Brokeback hypocrisy

There’s something deeply comical about the tangle Hollywood has got into over Brokeback Mountain, the so-called “gay cowboy” movie. Basically, the problem is that the awkward fact of homosexual love at the heart of the story has to be somehow finessed so that it becomes Motherhood and Apple Pie. Daniel Mendelsohn has a lovely piece about it in the New York Review of Books. He notes:

The reluctance to be explicit about the film’s themes and content was evident at the Golden Globes, where the film took the major awards—for best movie drama, best director, and best screenplay. When a short montage of clips from the film was screened, it was described as “a story of monumental conflict”; later, the actor reading the names of nominees for best actor in a movie drama described Heath Ledger’s character as “a cowboy caught up in a complicated love.” After Ang Lee received the award he was quoted as saying, “This is a universal story. I just wanted to make a love story.”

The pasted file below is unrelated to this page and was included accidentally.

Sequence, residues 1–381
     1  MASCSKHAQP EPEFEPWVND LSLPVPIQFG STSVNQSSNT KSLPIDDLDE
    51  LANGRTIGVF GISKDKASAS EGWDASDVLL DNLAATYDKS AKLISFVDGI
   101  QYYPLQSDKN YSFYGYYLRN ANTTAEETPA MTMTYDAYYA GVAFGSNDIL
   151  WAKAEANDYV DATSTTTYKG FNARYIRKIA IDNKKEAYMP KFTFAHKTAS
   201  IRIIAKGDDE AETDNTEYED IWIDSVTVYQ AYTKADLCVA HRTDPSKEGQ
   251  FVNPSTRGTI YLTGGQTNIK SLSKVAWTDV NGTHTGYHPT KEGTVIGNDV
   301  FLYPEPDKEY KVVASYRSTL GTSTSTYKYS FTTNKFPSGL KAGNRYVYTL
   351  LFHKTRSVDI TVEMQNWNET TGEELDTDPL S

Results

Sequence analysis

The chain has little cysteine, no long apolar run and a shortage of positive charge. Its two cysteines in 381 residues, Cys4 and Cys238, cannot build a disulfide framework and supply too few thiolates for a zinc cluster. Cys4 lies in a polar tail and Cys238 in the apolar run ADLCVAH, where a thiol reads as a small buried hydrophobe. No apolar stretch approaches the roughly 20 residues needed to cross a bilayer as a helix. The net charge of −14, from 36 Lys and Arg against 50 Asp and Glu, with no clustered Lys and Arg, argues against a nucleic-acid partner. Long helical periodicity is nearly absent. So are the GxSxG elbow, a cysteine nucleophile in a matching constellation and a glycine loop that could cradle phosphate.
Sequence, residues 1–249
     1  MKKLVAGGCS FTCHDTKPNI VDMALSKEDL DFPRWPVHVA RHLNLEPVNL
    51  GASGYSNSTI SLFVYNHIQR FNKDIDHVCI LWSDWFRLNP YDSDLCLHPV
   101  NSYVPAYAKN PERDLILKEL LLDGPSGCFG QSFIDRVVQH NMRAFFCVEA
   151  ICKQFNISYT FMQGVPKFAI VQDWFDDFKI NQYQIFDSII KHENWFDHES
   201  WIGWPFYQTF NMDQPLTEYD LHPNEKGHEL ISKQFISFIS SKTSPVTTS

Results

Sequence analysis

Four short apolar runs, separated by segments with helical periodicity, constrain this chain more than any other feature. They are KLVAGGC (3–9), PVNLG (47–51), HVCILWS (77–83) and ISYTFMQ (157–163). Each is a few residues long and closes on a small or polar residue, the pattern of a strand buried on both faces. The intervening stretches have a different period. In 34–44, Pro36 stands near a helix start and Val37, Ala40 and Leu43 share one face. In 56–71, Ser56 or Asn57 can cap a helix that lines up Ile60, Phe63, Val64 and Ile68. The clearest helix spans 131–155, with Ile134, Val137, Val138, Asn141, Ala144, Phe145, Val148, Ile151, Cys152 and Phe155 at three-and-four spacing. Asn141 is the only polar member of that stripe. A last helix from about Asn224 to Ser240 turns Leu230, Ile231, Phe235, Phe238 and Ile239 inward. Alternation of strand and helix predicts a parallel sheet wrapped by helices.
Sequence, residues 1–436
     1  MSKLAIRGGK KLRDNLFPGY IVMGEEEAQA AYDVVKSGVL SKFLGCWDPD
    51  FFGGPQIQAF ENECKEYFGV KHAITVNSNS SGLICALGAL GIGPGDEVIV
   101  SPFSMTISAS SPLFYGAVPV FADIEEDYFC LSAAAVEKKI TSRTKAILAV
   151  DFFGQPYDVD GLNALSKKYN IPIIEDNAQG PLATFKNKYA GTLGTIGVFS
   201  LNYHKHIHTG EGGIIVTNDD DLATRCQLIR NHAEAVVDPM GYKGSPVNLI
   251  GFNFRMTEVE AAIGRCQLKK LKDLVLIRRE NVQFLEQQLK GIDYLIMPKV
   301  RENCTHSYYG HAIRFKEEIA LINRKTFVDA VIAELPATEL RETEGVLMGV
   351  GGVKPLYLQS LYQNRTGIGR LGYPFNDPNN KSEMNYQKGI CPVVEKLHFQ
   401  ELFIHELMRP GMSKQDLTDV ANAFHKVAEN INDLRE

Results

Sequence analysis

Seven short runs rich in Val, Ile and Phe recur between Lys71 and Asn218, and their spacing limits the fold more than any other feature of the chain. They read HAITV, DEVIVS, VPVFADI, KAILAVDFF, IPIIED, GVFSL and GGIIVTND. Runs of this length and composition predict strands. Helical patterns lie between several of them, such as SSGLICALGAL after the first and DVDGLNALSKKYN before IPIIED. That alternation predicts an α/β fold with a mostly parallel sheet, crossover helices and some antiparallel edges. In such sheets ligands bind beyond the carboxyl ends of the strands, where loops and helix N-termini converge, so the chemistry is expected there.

What’s going on, Mendelsohn maintains, is a concerted attempt to situate the story in a well-understood and respectable genre — the Romeo and Juliet story: lovers doomed to be destroyed by horrid families, tribal jealousies, race or whatever. The difficulty is that Brokeback Mountain is about two boys who happened to love one another but whose lives were destroyed not by traditional scapegoats but by the hostility of their society (US mainstream society, that is) to their sexuality.

It will be interesting to see how the Oscars ceremony handles this delicate problem.